Being with my children day in and day out presents me with multiple chances to share Christ with them and with others as well. A sibling squabble or a fight between one of my kids and his/her friends can be opportunities to teach my children about grace, forgiveness, and handling conflict in a godly way. Disrespectful attitudes and rude speech can be used to tell them about how Jesus wants us to treat others. Through holding everything they learn up to what the Word Of God says, they learn the authority and inerrancy of Scripture. By understanding that they are created in the image of God, my son and daughter will believe in the sanctity of life and the great love of their heavenly Father not only for them, but for all people. Moreover, spiritual disciplines such as prayer, Bible study, scripture memorization and Christian service can be taught and modeled if I am intentional about it.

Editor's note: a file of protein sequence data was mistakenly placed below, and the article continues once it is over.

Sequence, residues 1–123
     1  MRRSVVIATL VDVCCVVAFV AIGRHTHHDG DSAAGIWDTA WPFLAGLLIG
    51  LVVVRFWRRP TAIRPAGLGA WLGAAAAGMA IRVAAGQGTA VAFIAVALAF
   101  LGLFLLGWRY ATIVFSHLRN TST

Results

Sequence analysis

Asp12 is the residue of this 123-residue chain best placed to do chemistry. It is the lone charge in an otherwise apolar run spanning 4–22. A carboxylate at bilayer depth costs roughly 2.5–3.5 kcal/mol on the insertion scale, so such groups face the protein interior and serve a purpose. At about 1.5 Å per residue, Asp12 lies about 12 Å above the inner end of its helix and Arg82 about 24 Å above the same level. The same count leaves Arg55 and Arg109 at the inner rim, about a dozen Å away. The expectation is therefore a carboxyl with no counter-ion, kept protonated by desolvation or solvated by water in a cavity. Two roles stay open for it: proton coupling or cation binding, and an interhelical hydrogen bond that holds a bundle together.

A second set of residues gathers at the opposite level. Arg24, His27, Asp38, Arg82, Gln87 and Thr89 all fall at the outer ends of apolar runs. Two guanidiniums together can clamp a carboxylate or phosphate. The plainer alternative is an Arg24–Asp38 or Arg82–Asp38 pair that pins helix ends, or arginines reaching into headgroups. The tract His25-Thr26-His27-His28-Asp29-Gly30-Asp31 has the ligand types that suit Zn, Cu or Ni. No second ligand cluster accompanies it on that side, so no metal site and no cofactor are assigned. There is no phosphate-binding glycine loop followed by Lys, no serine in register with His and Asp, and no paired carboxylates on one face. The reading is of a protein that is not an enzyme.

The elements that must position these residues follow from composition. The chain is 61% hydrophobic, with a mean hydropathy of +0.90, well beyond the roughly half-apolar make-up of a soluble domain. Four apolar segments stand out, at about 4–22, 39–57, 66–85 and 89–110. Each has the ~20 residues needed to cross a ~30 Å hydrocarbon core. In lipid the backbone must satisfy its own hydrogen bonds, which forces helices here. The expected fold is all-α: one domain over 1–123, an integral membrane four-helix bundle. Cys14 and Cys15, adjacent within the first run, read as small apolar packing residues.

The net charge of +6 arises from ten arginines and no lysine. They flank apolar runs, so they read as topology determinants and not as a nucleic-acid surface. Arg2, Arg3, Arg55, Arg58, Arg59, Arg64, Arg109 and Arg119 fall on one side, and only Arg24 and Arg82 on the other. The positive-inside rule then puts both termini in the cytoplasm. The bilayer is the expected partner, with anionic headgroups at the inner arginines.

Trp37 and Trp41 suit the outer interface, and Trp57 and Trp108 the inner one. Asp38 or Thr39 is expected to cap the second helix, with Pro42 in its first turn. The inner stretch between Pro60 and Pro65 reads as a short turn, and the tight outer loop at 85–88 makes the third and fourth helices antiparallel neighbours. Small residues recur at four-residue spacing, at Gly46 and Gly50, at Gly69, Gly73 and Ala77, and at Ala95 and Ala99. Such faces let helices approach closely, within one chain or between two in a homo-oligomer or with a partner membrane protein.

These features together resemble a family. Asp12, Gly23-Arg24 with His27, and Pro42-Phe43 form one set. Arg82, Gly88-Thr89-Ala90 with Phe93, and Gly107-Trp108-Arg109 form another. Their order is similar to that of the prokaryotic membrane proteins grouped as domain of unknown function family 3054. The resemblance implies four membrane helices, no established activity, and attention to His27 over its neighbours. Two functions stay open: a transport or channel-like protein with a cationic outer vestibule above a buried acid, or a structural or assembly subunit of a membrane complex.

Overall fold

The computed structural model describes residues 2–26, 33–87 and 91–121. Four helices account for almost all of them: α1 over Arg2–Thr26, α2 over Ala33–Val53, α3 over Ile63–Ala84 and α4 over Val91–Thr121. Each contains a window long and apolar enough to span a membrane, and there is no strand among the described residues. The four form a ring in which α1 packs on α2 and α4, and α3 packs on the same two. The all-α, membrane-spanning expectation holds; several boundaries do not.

The reality is that children are quite impressionable in their formative years, and they are bombarded daily with “hollow and deceptive philosophies” that are diametrically opposed to the Word of God through two main pipelines, secular entertainment and secular education. In his book “Family Driven Faith: Doing What It Takes To Raise Sons and Daughters Who Walk With God”, Voddie Baucham states that a child’s worldview – what they think about God, man, knowledge, ethics, and truth – affects all of their decisions and actions throughout their lives. Their beliefs in these five areas affect how they behave, and they do not realize how or when these views are being formed. As their parents, we are their first line of defense against ideologies that distort God’s truth. By availing ourselves to them now, thought it entails sacrifice, we can provide them with a solid biblical foundation which they will need when they encounter ideas that conflict with their faith.